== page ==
And where that is unavailable, one could consider what the wisest men say. But this may not be the only methods Siddhartha advocated, for early Buddhists often used inferential reasoning and philosophical meditation to attain knowledge, too. Because our experiences are conditioned by emotion and limited by human ways of thinking, the Buddha was ultimately critical of all methods of knowing.

All sources of knowledge were to be analyzed carefully. If these doctrines are false, little is lost by ignorantly following them. So even though we cannot know whether karma and rebirth are real, it may be best to live in accordance with them anyway.

He agreed with Heraclitus that everything changes. But there is some continuity from life to life, following the law of karma, just as a tree spawns another tree through its seed.

According to him, there was some suffering even in what appeared to be joy. But everything has a cause, and the cause of suffering is desire for worldly things, which causes us to be born into suffering again and again. If we understood that worldly desires cause suffering, we would not hold on to these desires. But we are ignorant. Liberation from suffering, the Buddha taught, comes through awareness of these truths and abstinence from worldly desire. Right view was to accept the four noble truths.

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Right intention was to aim toward ridding oneself of wrong belief and action. Right speech was to avoid lies, divisive speech, abusive speech, and idle gossip.

Right action was abstinence from killing, stealing, and sexual misconduct. Right livelihood was to avoid making a career of harm, such as business in weapons or meat or slave trading. Right effort was persistent striving to abandon wrong thought, speech, and action.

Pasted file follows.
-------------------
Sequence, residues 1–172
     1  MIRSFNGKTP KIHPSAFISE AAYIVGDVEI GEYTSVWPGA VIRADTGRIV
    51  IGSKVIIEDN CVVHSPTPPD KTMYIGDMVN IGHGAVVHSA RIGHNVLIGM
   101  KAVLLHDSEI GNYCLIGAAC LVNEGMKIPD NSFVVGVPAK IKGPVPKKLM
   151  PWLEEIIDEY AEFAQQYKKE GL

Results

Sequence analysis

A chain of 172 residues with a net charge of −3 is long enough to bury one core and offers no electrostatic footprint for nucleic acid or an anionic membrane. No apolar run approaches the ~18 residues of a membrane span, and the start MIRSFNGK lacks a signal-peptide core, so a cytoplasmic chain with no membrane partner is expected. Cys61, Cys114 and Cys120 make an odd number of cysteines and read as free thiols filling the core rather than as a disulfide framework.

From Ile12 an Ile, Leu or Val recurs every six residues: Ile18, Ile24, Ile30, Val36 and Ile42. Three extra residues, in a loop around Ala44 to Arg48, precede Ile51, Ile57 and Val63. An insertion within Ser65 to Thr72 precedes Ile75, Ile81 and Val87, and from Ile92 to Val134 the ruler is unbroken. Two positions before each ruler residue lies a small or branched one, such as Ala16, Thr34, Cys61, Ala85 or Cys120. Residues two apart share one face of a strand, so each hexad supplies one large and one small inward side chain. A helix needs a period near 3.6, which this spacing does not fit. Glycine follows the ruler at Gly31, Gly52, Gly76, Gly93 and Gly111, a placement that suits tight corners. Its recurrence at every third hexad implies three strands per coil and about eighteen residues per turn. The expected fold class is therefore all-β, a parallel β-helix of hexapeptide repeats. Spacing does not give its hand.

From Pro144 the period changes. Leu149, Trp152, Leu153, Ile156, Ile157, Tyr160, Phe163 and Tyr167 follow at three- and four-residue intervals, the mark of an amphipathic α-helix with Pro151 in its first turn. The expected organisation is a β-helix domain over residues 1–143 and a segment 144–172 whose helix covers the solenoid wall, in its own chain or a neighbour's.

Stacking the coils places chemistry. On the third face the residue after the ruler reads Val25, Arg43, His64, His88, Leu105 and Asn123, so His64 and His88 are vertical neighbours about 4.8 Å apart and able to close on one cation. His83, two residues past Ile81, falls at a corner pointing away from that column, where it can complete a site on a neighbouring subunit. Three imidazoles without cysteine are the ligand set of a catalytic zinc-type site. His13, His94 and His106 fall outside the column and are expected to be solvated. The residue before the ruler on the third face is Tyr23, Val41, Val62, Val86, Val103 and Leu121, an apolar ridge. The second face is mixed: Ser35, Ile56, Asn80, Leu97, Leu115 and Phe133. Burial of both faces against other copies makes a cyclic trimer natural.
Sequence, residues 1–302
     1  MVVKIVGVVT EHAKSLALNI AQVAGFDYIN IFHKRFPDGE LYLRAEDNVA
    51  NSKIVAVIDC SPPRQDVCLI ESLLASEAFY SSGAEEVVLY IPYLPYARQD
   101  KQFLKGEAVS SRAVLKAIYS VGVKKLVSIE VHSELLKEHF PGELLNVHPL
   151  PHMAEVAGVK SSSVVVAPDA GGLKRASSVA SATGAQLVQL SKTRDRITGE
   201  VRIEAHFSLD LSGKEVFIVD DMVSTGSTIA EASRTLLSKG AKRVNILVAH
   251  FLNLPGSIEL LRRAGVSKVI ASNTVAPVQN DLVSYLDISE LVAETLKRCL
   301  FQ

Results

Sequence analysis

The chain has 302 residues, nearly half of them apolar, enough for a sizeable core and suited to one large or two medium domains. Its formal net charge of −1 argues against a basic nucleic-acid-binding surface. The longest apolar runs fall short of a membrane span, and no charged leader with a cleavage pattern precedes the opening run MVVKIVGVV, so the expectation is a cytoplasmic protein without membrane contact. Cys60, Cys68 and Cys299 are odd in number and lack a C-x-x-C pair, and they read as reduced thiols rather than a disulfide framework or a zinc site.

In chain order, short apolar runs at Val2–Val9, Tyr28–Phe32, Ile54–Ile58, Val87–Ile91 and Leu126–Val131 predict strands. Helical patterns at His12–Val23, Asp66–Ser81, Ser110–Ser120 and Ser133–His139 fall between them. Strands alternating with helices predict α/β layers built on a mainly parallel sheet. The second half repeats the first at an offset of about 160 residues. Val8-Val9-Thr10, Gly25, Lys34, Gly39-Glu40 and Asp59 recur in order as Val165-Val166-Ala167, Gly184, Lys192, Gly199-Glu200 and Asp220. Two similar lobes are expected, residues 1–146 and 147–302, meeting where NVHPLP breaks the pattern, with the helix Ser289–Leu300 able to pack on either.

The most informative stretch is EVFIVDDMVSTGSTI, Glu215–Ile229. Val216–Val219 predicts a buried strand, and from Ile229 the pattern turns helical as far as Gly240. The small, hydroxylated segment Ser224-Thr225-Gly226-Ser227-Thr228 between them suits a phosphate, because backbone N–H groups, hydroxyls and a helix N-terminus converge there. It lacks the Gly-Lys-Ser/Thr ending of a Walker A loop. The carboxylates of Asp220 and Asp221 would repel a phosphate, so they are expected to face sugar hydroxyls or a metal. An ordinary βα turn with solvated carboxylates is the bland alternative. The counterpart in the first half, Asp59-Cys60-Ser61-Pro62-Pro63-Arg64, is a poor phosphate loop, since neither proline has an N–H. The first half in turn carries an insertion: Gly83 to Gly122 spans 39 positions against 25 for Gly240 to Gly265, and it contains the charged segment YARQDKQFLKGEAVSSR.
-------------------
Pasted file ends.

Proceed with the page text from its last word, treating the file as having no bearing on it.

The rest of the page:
Right mindfulness was constant awareness of that which affects the body and the mind, including desire and emotion and thought itself.

Right concentration was the practice of concentrating or meditating on something, which cuts off distractions and leads to self-awakening. By these methods, the Buddha taught, one may reach a liberation from suffering into nirvana: a perfect peace of mind, free from desire — the end of identity due to a realized oneness with the world, perfect bliss and highest spiritual attainment.

Sankhya Of the astika Vedic views, Sankhya appears to be the oldest.

It was a dualist view based on two fundamentally different types of being: purusha soul and prakriti matter, energy, and agency. Prakriti was the cause of the material world, but purusha had no cause. The soul did not change, but observed and enjoyed the ever-changing objects of prakriti. Like a rope woven from three cords, the material world was woven of three gunas. They were inferred from the three ways we may react to things: with pleasure, displeasure, or indifference.

Thus, the three constituents of prakriti were sattva illumination, joy , rajas excitation, pain , and tamas roughness, obstruction, sloth. According to Sankhya, a soul often confuses itself with its body.

We feel pain upon the body as if it was pain upon the self, but this is a confusion. Once we realize the separateness of the soul, we cannot be affected by the joys and sorrows of the material world.

Ancient India